Dear Simple Simon,
I like your World Series analogy. And I think we can take it further and compare it to the NY Yankess win of three World Series in a row from 1998 to 2000. Last year was a World Series win and it sure looks like this year and next year will be too. <SMILE> BTW, I agree with you that the acquisition of PowerLight was a brilliant move and that SunPower would not be where it is today were it not for TJ and Cypress. Go TJ, Cypress and SunPower!
I do credit Tom Werner. I have no doubt he will execute his cost cutting measures regarding the production of his solar cells.
But his analysis is interesting: He points out that, to meet his goal, cost savings are needed up and down the entire production chain. Hence the early move into solar panels. And hence the very important acquisition of SolarLight. More than Moore is involved here.
I am impressed with Werner because I am impressed with his analysis. I think he has a credible plan to get there and, so far, SPWR continues to execute on that plan and has dealt astutely with every problem - such as the silicon availability issue - that comes along.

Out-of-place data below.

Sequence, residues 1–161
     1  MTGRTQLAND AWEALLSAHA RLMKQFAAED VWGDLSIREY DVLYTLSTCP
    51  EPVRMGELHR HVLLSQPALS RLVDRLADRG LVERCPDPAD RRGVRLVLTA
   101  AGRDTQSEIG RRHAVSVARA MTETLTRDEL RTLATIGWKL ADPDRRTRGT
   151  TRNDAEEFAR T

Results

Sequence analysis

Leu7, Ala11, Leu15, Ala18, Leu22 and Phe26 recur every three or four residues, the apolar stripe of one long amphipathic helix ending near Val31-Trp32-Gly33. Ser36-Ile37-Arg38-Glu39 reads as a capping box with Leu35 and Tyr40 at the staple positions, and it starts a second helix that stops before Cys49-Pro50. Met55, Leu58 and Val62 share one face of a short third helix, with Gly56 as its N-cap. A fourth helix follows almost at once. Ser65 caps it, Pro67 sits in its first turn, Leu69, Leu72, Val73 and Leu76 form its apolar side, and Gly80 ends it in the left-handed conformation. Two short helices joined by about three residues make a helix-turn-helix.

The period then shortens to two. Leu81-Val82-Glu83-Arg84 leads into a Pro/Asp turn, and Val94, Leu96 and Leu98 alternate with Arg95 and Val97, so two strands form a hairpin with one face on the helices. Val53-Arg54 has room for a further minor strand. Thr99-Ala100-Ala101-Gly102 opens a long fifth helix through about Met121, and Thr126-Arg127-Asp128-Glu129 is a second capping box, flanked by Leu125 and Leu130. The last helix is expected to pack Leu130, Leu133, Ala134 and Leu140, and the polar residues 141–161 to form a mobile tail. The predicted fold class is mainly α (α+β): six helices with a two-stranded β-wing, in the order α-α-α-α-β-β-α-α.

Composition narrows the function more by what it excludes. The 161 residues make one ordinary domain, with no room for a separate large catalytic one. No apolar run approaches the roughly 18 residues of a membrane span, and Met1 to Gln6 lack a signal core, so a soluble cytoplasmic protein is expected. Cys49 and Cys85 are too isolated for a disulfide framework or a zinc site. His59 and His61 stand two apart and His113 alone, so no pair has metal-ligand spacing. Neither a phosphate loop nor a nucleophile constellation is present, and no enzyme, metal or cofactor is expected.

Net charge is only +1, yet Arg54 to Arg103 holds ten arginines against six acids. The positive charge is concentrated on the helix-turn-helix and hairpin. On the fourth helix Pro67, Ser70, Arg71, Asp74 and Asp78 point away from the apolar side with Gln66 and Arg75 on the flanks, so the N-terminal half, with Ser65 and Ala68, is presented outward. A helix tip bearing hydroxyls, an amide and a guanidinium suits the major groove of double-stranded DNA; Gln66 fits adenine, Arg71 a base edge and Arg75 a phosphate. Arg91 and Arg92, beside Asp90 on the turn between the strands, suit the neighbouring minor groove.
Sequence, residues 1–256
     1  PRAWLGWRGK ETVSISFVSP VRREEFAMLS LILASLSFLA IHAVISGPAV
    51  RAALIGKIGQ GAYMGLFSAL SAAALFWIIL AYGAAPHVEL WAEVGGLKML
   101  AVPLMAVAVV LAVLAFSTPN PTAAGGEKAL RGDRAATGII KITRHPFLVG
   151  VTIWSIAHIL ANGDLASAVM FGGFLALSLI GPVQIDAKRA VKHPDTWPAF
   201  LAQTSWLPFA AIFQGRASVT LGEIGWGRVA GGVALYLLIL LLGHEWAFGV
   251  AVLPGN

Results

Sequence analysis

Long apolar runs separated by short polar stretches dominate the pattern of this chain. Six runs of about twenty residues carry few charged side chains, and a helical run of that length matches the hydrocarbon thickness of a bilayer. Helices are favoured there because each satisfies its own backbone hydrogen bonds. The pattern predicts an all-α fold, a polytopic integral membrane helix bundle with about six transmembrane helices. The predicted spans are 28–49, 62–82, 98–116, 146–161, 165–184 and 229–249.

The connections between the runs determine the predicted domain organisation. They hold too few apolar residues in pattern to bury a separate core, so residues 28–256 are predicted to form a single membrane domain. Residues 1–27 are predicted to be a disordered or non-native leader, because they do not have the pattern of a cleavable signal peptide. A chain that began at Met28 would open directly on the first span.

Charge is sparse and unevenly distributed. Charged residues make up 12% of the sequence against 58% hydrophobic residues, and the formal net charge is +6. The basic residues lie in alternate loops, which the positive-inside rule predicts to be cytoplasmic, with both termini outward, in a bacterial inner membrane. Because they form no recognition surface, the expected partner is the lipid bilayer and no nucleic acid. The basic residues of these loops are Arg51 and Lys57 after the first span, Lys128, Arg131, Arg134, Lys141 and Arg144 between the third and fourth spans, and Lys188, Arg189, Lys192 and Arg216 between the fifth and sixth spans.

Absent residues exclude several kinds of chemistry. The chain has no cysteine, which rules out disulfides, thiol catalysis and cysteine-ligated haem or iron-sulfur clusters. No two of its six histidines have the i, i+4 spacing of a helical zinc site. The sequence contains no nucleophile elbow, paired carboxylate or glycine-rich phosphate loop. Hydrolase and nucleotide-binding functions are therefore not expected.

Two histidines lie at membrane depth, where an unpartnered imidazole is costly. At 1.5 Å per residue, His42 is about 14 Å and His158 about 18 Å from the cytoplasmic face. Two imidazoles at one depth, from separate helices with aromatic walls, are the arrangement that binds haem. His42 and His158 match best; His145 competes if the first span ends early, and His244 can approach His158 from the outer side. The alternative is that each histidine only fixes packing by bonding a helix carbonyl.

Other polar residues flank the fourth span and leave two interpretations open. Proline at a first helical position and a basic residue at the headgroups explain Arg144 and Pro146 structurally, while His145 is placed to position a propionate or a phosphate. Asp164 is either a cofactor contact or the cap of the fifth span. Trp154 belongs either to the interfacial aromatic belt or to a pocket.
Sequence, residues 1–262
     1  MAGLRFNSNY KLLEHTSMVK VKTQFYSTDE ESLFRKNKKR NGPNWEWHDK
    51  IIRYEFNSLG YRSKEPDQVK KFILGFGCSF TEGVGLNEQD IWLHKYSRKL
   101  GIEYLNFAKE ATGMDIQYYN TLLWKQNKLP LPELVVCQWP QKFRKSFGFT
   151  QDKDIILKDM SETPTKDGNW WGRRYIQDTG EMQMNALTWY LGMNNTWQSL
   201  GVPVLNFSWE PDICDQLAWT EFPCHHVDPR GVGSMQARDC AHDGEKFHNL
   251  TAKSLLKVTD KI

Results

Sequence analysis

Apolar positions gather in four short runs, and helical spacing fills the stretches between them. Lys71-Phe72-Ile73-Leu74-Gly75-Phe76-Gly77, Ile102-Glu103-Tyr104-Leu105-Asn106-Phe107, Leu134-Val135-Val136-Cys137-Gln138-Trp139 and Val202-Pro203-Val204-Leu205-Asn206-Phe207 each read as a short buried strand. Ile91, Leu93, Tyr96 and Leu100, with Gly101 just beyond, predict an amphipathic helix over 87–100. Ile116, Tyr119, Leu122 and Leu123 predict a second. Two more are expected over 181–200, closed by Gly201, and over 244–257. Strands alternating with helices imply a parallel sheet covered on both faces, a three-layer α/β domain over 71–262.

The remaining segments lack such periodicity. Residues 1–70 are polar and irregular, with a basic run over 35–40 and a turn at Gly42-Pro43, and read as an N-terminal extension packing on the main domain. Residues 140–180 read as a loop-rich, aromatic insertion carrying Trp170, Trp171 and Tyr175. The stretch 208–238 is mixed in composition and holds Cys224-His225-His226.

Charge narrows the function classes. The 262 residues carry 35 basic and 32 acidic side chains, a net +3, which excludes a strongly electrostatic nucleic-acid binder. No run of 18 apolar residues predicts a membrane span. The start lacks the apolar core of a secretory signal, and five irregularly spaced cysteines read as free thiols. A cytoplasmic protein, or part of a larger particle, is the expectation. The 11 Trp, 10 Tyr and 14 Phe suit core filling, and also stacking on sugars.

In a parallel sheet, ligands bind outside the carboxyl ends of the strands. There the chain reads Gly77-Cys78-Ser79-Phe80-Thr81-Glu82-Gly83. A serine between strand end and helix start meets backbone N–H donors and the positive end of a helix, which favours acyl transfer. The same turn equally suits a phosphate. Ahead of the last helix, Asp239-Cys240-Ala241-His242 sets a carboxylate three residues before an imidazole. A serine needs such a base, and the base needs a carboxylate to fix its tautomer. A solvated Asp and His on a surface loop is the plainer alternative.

I am equally impressed with Werner's continued execution, but, for that, I also give CY and TJ much of the credit. SPWR could not have pulled this off without CY.
TJ, I think, makes the baseball analogy: a number of strikeouts, such as MRAM and NSE, but a few home runs, such as PSOC, USB, and, I'm hoping, West Bridge. But the analogy fails when it comes to SPWR. If things work out, even calling it a grand slam, which it already is, would be an understatement. It's more like winning the world series.
Dear Simple Simon,
I still have about three times as much CY as SPWR, but like you it's getting close to my sell point to lighten up. I'm pllaning on selling one-third of my CY when it hits $25/share. I agree with what you say about SPWR's dependence on subsidies, but Tom Werner has estimated that they'll be competetive with conventional without sibsidies by 2010. Moore's Law you know. My SPWR and the other 2/3 of my CY are long-term core holdings for me.